Yoga asanas that can help maintain your heart health include padangusthasana (big toe pose), janu sirsasana A (head-to-knee forward bend), utthita hastapadasana (extended hands and feet pose) and setu bandha sarvangasana (bridge pose).

Padangusthasana (big toe pose): Known to be a good pose to stretch all the muscles in the body, this asana stimulates the abdominal organs and heart and also slows down the heart rate.

Janu sirsasana A: This asana stretches the entire back of the body. As the heart is brought close to gravity, the heart rate becomes slower and calmer. It is also known to calm the mind and relax all the major organs of the body.

Utthita hastapadasana (extended hands and feet pose): This pose focuses on breathing and posture and also helps calm the mind. It helps in lowering the heart rate, promoting blood circulation and improving the all-round functioning of the heart. 

Setu bandha sarvangasana (Bridge Pose): This pose facilitates deep breathing, deeply opens up the chest and improves blood flow to the chest region. It also improves blood circulation to the heart region and helps control blood pressure.

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Cardiovascular diseases (CVDs) are one of the leading causes of mortality in India. According to a 2018 study published in The Lancet: Global Health[2], cardiovascular disease contributed to around 28% cases of mortality and 14% of disability-adjusted-life years (DALYs) in India in 2016. 

Not many people are aware of the fact that a very important criteria for determining one’s heart age is the level of fitness activity. And one way to prevent your risk of heart disease and keep your heart healthy is to lead an active life. To maintain optimal heart health it is important to increase muscle mass (with weight training), burn calories (with aerobic exercises) and keep the mind and body calm (with yoga). Yoga is one of the simple and effective ways to help your heart follow a healthy regimen and keep your heart healthy.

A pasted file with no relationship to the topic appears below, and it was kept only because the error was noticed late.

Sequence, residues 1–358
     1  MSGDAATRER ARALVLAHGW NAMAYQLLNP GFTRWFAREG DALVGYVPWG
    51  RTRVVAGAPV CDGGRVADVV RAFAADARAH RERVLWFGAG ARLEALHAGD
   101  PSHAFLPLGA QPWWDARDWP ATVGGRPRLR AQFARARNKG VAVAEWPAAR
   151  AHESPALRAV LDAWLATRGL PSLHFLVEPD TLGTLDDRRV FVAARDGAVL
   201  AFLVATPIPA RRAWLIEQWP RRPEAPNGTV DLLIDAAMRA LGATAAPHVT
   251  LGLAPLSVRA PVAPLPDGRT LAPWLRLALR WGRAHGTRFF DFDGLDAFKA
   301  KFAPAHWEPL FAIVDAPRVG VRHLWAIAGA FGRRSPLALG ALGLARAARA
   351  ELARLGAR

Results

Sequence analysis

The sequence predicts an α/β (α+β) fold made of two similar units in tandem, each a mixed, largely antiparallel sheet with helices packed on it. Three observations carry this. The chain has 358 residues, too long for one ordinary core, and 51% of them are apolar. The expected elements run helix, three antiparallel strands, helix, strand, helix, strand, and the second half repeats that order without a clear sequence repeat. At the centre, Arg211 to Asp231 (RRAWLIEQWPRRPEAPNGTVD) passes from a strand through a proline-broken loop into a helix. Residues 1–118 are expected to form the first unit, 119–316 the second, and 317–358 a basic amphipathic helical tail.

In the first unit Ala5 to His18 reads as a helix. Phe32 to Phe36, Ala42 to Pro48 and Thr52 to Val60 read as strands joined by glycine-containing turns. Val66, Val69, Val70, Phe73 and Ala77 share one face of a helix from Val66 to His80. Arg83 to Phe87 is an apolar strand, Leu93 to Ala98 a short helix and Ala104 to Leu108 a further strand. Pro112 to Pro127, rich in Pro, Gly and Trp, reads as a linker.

So this world yoga day, let’s pledge to stay fit and healthy by including yoga in our daily routine. Stay fit, stay healthy!

(The article is reviewed by Dr. Swati Mishra, Medical Editor)

Recommended Reads:

6 Benefits Of Yoga Even Doctors Swear By!

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1. Chu P, Gotink RA, Yeh GY, Goldie SJ, Hunink MG. The effectiveness of yoga in modifying risk factors for cardiovascular disease and metabolic syndrome: A systematic review and meta-analysis of randomized controlled trials. Eur J Prev Cardiol. 2016 Feb;23(3):291-307.

2. India State-Level Disease Burden Initiative CVD Collaborators. The changing patterns of cardiovascular diseases and their risk factors in the states of India: the Global Burden of Disease Study 1990-2016. Lancet Glob Health. 2018 Dec;6(12):e1339-e1351.